• Out already but haven't picked up Corinne Bailey Rae's The Sea yet
  • The surreal sounding Here Lies Love concept album from David Byrne and Fatboy Slim. Guests include Sharon Jones, Alice Russell, Tori Amos, St. Vincent, and more. Due in late February.
  • Muppets Revisited cover album... Fall 2010?
  • Peter Gabriel's Scratch My Back covers album and reciprocal I'll Scratch Yours
  • possibly a new Mark Ronson album in 2010
  • New Weird Al! Though honestly his parodies mean less and less to me as I lose touch with whatever current act he's parodying...
Concertwise, I'll be checking out cover stars Nouvelle Vague when they come to town next week. I'll also being seeing K'naan as part of the Olympic festivities and (don't laugh) Canadian children's icon Fred Penner playing at a pub on UBC campus! March will finally see my concert bucket list dwindle to near nothingness as Jamie Cullum comes to town.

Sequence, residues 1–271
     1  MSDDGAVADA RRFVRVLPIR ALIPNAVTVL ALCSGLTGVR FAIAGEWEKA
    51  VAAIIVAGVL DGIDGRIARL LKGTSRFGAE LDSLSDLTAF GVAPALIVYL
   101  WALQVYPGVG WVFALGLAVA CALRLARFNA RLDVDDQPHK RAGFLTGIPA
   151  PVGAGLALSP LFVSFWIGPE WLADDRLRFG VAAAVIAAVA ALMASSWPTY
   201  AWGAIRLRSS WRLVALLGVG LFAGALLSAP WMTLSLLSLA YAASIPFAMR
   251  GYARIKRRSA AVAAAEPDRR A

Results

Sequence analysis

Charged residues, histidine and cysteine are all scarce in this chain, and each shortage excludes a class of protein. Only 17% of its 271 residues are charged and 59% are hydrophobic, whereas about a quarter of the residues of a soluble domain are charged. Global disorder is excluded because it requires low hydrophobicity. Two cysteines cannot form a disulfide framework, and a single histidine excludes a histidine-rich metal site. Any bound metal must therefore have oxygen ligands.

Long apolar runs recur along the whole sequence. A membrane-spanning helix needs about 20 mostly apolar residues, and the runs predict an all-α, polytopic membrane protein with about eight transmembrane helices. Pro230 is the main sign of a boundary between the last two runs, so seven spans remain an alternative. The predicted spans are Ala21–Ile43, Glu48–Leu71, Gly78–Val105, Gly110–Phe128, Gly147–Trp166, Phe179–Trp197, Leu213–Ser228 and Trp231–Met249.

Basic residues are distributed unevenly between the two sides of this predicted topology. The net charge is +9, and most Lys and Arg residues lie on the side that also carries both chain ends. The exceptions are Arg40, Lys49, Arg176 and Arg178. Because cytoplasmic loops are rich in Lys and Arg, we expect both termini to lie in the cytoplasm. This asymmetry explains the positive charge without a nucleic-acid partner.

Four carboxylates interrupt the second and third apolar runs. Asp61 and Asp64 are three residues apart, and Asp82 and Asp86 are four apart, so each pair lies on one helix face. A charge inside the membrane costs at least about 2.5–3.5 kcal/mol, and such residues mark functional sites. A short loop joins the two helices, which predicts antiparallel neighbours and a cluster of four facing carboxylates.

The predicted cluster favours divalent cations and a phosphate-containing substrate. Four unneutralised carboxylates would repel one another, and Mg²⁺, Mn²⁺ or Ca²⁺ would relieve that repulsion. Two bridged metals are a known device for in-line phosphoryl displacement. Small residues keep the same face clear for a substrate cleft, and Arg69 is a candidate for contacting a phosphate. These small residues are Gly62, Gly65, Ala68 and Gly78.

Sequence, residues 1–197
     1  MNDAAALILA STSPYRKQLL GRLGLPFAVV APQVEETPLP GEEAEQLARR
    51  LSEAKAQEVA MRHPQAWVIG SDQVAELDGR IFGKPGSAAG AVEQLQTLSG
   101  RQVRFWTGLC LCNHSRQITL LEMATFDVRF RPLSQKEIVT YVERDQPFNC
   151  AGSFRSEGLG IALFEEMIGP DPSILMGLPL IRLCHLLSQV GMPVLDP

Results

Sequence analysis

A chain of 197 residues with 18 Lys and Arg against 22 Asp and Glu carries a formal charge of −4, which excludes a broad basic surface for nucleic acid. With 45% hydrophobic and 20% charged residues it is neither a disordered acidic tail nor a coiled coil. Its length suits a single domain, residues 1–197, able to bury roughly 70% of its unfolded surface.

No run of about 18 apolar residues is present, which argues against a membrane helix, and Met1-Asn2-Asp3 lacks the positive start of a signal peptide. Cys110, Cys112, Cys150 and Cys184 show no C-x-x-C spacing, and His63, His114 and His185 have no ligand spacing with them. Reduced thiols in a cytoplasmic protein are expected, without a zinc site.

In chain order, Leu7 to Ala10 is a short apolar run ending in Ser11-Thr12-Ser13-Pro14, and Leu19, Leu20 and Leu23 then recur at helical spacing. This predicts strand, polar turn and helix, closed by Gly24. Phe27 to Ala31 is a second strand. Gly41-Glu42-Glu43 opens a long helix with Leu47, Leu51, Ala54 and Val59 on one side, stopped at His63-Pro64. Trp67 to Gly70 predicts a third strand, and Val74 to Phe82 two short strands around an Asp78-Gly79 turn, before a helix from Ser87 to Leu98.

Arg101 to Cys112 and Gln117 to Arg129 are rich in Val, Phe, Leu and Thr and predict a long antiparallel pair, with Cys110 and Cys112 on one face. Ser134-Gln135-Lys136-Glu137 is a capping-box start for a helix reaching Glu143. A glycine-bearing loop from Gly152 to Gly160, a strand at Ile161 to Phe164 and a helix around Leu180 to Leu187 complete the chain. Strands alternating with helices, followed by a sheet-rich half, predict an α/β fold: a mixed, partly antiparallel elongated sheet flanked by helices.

Over and out.

Tuesday, January 26, 2010

Little Wing in the Sea

Corinne Bailey Rae's new album The Sea came out today and her cover of Jimi Hendrix's Little Wing accompanies the iTunes release, though fortunately it can be purchased separately. Here's her performing it last year in the BBC 1Xtra Live Lounge:

Corinne Bailey Rae - Little Wing (Live on the BBC) [originally by The Jimi Hendrix Experience]

The Power of The Apples

I've recently become enamoured with The Apples, a 9-piece instrumental funk band from Israel whose cover of Rage Against the Machine's Killing in the Name is, well, killer. It sounds as if the Dap-Kings horn section enlisted a couple turntablists to create a unique fusion of retro funk and modern hip hop. In fact, if you look at their line-up, The Apples consist of a four-piece horn section, drums, double bass, two turntablists, and someone on "Sound Console & Live Effects". Yeah, no guitars, no keyboards. After a few tasty samples, I immediately ate up the rest of their debut 2008 release Buzzin' About from eMusic. Mmmmm... sweet, delicious Apples.

The Apples - The Power [originally by Snap!]